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Maps by Claudius Ptolemy

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Claudius Ptolemy (87-150) was an Egyptian astronomer and geographer living and studying in Alexandria. Alexandria was not only the home of the greatest library of any period, but was also one of the most important trade centres between west and east - here Ptolemy could not only study ancient authorities, but could also consult contemporary travellers and merchants. From this wealth of accumulated knowledge, Ptolemy composed his “Geographia”, a work of considerable genius, which “dominated the whole of the Christian and Moslem world for 1,500 years” (Tooley).

It was Ptolemy who introduced the concept of latitude and longitude to form a grid to cover the whole world, so that it would be possible to plot the position of principal land-marks on the map by observations, and then fill in other information from other sources, including the notes and Itinerary of Marinus of Tyre, perhaps the most accurate source available.
Unfortunately Ptolemy was hampered by the paucity of observations - as a result he exaggerated the length of the Mediterranean by over 20 degrees -and by lack of information which was often circumvented by invention. Despite these errors, which persisted for nearly 1,500 years, the work was of fundamental importance at a time when little was being done in the way of modern mapping. As a result of this work, which was so far in advance of anything before or anything produced in the next 1,500 years, Ptolemy has earned the reputation and accolade, “the father of geography” (Tooley).
In 1477, the first printed edition of Ptolemy’s “Geographia” with maps was issued in Bologna. Testimony to the influence of Ptolemy and popularity of his maps is given by the number of editions of the Ptolemaic atlas - even as late as 1840 “classical” atlases were being published based almost solely on his detail of the Ancient World.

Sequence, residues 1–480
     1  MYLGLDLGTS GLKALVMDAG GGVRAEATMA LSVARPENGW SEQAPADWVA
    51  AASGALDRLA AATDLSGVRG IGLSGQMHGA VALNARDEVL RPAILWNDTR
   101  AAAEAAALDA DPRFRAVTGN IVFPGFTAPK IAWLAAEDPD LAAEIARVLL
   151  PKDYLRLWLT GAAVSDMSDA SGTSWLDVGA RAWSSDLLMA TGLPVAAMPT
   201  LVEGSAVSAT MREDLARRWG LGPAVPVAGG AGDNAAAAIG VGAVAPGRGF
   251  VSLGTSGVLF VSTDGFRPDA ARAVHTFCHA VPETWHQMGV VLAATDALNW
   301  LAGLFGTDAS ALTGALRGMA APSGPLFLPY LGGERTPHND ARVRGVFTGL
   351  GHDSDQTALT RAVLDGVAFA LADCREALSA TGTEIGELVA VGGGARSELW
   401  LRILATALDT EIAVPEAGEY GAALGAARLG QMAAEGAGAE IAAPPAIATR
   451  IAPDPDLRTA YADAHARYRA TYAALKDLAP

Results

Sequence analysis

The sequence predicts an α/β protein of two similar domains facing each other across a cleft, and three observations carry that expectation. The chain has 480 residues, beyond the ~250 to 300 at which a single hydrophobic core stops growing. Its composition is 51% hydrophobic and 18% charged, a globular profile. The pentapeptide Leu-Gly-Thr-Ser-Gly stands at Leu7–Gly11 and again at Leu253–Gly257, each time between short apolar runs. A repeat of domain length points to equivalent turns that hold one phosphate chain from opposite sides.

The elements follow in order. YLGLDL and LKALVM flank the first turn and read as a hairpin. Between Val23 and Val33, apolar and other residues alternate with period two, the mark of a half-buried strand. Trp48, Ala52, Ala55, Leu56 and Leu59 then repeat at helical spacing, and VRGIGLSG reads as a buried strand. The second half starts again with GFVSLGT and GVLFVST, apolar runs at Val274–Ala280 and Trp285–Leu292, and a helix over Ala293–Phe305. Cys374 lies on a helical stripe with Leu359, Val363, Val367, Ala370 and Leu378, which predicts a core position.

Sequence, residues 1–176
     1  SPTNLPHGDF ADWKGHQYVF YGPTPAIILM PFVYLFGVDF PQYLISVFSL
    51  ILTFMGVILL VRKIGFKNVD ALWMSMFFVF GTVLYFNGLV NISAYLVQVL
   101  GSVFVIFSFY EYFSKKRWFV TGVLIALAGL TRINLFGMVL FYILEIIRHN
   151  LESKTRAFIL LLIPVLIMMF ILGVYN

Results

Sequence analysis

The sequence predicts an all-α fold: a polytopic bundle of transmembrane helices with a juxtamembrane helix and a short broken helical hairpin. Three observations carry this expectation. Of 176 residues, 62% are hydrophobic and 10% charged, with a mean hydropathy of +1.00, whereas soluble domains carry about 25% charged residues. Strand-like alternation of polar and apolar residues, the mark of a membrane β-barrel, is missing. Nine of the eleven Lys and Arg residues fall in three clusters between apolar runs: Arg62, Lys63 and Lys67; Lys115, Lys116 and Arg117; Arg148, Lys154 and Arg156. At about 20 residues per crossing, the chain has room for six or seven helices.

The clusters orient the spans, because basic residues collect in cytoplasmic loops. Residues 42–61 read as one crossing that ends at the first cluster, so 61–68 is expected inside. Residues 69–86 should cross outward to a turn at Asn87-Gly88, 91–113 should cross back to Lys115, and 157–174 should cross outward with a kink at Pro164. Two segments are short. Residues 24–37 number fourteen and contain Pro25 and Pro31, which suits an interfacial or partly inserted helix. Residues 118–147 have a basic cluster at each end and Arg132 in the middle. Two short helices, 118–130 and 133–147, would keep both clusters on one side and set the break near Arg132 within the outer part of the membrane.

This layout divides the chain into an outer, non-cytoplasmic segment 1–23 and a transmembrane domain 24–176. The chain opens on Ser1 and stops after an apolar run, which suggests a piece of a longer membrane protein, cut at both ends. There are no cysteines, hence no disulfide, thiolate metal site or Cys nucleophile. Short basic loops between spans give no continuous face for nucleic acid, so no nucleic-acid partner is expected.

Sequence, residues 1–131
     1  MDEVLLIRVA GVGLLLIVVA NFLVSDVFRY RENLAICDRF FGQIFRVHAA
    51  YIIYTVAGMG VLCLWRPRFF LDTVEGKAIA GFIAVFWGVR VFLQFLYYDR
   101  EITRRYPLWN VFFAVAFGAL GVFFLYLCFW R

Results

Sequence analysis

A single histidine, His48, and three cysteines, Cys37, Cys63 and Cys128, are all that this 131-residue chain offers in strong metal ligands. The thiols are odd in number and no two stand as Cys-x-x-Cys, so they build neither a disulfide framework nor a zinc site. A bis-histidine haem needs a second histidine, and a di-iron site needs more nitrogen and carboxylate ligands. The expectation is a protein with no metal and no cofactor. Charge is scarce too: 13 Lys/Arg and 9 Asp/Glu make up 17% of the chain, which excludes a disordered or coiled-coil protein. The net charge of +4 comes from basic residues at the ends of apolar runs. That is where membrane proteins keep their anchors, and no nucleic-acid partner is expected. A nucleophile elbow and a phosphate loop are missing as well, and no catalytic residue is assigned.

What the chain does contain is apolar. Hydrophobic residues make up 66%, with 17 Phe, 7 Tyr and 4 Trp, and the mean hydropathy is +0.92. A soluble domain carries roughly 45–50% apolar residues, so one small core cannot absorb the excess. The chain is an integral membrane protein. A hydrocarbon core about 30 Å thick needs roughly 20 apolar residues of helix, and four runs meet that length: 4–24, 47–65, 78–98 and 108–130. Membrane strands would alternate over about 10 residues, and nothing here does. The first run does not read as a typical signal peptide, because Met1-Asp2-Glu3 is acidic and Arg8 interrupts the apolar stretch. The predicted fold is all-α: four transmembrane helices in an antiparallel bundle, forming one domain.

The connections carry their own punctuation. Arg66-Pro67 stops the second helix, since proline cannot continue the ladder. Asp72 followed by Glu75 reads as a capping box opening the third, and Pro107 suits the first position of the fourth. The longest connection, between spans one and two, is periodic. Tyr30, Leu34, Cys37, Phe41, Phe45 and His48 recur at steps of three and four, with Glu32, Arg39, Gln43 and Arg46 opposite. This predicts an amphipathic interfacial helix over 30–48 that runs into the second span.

Although the cartographic content of the Ptolemaic atlases and maps was standard, certain editions are worthy of comment:-
  • 1477        the first edition with maps. Copper engravings.
  • 1482-       Ulm Ptolemy. The first edition printed north of the Alps, with four modern maps added. Printed from woodblocks.
  • 1513-       Published by Martin Waldseemuller, incorporating 20 new maps, including the second map to focus on the discoveries of the New World. Woodblocks.
  • 1522-       Illustrated with woodblocks cut by Laurent Fries, careful reductions of Waldseemuller’s maps.
  • 1540-       Sebastian Munster’s issue of Ptolemy’s maps; subsequently re-issued in a variety of books of classical geography -attractive woodblocks.
  • 1548-       The first Italian text edition, the first miniature edition in copperplate of Ptolemy’s Geography, including several new maps by Gastaldi.
  • 1561-       Gastaldi’s maps re-issued, in a slightly larger format, by Ruscelli and Valgrisi in Venice.
  • 1578-       the first issue of Mercator’s version of Ptolemy’s maps - intended as a companion to his Atlas of the Modern World. Numerous re-issues. For the 1698 edition, the plates were re-worked, substituting a new cartouche within the map, containing a second title.